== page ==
We’re delighted to introduce you to the newly published Introducing Mindfulness: Buddhist Background and Practical Exercises by Bhikkhu Anālayo.
Anālayo has been writing about mindfulness as a scholar, practitioner and meditation teacher for two decades. In 2004 we published his ground-breaking study of the Satipaṭṭhāna Sutta based on his comparative studies of early Buddhist texts. He is one of a handful of people who can read and research texts in Pāli, Sanskrit and Chinese. It is a real delight when someone with this kind of depth of knowledge and experience brings all his mastery to bear on a simple book that introduces mindfulness.
This book introduces mindfulness with examples and practices from the Buddhist tradition. Without assuming any prior knowledge, it leads the reader through a series of progressive mindfulness exercises. In the first few chapters, Anālayo invites us to become more mindful as we eat and engage in other daily activities. He also encourages mindfulness of others and the impact we have on them. In this way, mindfulness is linked closely with mettā and ethics.
As the book progresses, Anālayo invites us into more formal walking and seated practices, drawing on his long study of core meditation suttas such as Satipaṭṭhāna (the foundations of mindfulness) and Ānāpānasati (the mindfulness of breathing). By the end of the book, we are training the mind through awareness of impermanence, fabrication and compassion and we’re engaging with the whole of the Buddhist path: ethics, meditation and wisdom.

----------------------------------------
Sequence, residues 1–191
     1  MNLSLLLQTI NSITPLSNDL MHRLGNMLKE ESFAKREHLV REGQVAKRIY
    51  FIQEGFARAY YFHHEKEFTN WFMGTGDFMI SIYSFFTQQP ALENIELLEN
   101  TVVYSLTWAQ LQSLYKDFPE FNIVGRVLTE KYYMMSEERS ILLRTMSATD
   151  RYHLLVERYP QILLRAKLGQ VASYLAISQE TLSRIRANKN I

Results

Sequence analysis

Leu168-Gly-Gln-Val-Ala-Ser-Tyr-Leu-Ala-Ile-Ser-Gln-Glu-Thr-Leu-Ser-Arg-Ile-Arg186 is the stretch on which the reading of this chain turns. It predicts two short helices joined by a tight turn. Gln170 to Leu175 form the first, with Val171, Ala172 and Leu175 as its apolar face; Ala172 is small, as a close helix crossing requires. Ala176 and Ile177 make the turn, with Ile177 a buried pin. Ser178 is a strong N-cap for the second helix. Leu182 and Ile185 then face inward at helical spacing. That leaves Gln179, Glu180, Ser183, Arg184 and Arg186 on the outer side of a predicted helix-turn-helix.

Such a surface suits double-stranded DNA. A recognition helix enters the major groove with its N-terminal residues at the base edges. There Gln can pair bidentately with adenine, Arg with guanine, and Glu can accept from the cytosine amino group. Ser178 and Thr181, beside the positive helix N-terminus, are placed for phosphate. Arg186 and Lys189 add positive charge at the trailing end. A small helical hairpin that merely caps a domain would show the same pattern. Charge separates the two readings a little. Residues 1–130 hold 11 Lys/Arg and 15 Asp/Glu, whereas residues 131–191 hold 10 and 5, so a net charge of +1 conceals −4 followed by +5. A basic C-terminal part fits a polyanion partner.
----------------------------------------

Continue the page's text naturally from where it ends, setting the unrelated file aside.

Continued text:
This is not only a book for people interested in exploring mindfulness for the first time. It is also a skilled and thoughtful intervention into many of the debates about the nature and status of mindfulness in its secular forms and in non-dual and vipassana Buddhist practices.
Anālayo ends the book with a reflection on how globalising mindfulness can help us to engage with the current ecological and climate emergency. Instead of the untrained reactions of denial (greed), anger (hatred) and resignation (delusion), he suggests we can use mindfulness to give priority to community welfare. Above all, he urges us to use the protective function of mindfulness for the collective good.
You can buy Introducing Mindfulness now from our website or your local bookshop for £13.99. It will be released in the Americas in early December, but if you’re willing to pay the postage, you can get your copy through our website before its US release.
To celebrate the release of this and one other book by Anālayo, we’re going to be discounting some of his other books during October. Click on our Monthly Sale page from 1 October to see what’s on offer.
And finally, a few quick reminders:
- You can still download our latest free eBook, What is the Dharma?, until 5 October.
- If you sign up as a member on our website, you get 10% off all purchases.
- If you spend more than £20 in the UK or Europe, or £30 elsewhere, we’ll post you your books for free.